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A Project of The Annenberg Public Policy Center

Obama and Cruz Clash on Immigration

President Obama and Texas Sen. Ted Cruz made seemingly conflicting statements about public opinion on the president’s plan to address immigration issues in the U.S.

Obama claimed that “most Americans support the types of reforms I’ve talked about tonight,” in a Nov. 20 address to the nation. Cruz, meanwhile, claimed that “this last election was a referendum on amnesty” and that voters had sent a clear message opposing it.

Obama is right that opinion polls show a majority of Americans support allowing immigrants now living in the country illegally to stay. But fewer Americans support using executive action to accomplish that.

Cruz, on the other hand, is wrong to say that the 2014 election results show that Americans rejected “amnesty” — at least how Cruz defines it. He considers “amnesty” to mean providing a path to citizenship for immigrants in the country illegally. Exit poll data show exactly the opposite.

 Obama Right, Mostly

Obama’s announced immigration plan would allow parents who have lived in the U.S. illegally for at least five years, and who also have children who are citizens or legal permanent residents, to remain in the country temporarily, for three years, without threat of deportation, if they pay taxes and pass a background check. The executive action would not apply to anyone who came to the U.S. recently, or who comes in the future, and it would not allow individuals to remain in the country permanently, or grant them citizenship or other benefits reserved for citizens.

A number of opinion polls support Obama’s claim that “most Americans support the types of reforms I’ve talked about tonight.”

An NBC News/Wall Street Journal poll conducted from Nov. 14 to Nov. 17 found that 57 percent of respondents either strongly favored or somewhat favored allowing “foreigners staying illegally in the United States the opportunity to eventually become legal American citizens.” The level of support rose to 74 percent if those people had to “pay a fine, any back taxes, pass a security background check, and take other required steps” to gain citizenship. Obama’s plan doesn’t even go that far.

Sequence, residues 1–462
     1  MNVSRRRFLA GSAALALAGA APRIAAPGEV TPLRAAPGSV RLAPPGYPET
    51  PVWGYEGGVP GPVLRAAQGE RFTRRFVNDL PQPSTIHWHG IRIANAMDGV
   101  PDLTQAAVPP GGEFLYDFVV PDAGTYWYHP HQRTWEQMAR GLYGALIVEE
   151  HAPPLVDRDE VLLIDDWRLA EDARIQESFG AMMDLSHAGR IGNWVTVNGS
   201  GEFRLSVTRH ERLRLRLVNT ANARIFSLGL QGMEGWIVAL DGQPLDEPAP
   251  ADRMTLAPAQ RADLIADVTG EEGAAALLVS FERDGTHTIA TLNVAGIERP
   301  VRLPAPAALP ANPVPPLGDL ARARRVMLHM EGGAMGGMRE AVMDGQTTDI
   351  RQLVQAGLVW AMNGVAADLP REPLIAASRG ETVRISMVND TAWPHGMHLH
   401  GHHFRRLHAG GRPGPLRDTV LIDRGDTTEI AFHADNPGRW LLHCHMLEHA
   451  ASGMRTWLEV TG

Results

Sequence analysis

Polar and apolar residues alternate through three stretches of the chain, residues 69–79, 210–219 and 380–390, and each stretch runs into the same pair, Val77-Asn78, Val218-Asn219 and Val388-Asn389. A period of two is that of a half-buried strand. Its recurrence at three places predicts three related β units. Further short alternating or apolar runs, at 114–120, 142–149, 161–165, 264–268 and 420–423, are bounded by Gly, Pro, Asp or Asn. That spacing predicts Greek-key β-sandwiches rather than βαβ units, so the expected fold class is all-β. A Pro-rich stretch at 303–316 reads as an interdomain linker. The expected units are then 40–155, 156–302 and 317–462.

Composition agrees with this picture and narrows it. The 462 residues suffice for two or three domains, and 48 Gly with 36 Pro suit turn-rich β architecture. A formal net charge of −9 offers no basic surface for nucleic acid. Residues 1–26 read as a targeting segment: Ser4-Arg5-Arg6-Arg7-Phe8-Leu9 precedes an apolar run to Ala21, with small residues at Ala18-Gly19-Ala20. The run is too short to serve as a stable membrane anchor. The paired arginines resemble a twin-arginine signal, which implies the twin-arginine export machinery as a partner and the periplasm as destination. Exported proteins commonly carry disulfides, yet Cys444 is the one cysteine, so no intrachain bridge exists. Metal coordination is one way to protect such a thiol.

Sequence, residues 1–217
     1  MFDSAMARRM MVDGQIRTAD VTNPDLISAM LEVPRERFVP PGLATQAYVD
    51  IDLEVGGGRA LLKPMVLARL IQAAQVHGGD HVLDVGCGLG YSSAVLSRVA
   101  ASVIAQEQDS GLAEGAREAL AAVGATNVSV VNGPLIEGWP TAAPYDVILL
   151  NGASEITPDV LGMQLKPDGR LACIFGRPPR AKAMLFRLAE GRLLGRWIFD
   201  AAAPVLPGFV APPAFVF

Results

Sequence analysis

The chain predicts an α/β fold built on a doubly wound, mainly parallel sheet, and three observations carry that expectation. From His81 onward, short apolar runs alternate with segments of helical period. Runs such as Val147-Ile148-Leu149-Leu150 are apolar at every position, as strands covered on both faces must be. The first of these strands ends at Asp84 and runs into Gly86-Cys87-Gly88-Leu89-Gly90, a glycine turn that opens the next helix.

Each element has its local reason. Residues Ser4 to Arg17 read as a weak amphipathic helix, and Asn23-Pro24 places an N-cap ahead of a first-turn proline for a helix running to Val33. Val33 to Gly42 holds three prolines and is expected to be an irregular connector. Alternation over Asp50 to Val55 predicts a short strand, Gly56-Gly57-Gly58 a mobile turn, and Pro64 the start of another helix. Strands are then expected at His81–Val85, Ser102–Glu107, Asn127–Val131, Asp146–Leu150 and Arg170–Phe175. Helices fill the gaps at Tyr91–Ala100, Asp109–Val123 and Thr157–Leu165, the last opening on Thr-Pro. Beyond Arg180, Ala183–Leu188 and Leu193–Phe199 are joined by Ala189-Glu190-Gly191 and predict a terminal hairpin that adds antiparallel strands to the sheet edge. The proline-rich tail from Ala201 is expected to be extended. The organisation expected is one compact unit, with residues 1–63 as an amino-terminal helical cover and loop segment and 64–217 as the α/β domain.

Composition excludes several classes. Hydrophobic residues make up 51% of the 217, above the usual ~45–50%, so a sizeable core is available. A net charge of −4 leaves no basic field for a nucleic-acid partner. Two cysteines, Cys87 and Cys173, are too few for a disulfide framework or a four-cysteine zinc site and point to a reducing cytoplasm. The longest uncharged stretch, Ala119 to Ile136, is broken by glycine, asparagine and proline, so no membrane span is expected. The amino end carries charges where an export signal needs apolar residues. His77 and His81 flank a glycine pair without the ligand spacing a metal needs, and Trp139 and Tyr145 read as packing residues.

Likewise, a Pew Research Center poll conducted from Oct. 15 to Oct. 20 found that 71 percent of respondents said that people currently living in the U.S. illegally should be allowed to stay “if certain requirements are met.”

That’s in addition to a CBS News/New York Times poll from Sept. 12 to Sept. 15 that showed 63 percent of those surveyed said that illegal U.S. residents should be allowed to remain in the country.

The NBC News/Wall Street Journal poll had a margin of error of 3.1 percentage points. The Pew Research Center poll had a margin of error of 2.5 percentage points. And the CBS News/New York Times poll had a margin of error of 3 percentage points.

Republican leaders, such as House Speaker John Boehner, have countered that Obama is “ignoring the will of the American people.” And there’s a little something to that as well.

That’s because while polls show majority support for allowing those here illegally to stay, they show less public support for Obama taking executive action to address immigration issues without Congress.

The same NBC News/Wall Street Journal poll cited earlier found that 48 percent of respondents disapproved of Obama taking executive action, or leaned that way, while 38 percent approved of executive action or leaned in that direction.

Similarly, a USA Today poll conducted from Nov. 13 to Nov. 16, with a margin of error of 3.6 percentage points, showed that 46 percent of those asked said Obama should wait for the new Congress in January to pass immigration legislation. On the flip side, 42 percent said that the president should act alone this year to deal with immigration. Another 10 percent of respondents were unsure and 2 percent refused to answer.

The CBS News/New York Times poll from September did find that 51 percent thought Obama should take action if Congress did not. But that may or may not represent “most Americans,” since the poll’s margin of error was 3 percent.

 Cruz Wrong

Cruz, during an interview with Fox News host Megyn Kelly, more than once said that “this last election was a referendum on amnesty” and that the clear message was “we don’t want amnesty.” It wasn’t, according to exit poll results.

Election voters, by a margin of 57 percent to 39 percent, said those living in the U.S. illegally but working should be offered legal status, according to the exit poll conducted by Edison Research for the National Election Pool, a consortium of news organizations. The gap is also greater than the margin of error of 3 percentage points to 4 percentage points.

Plus, just 14 percent of voters polled said that illegal immigration was “the most important” issue facing the country today, which also undercuts Cruz’s claim. Voters were given only four choices, and immigration ranked third behind the economy (45 percent) and health care (25 percent).

— D’Angelo Gore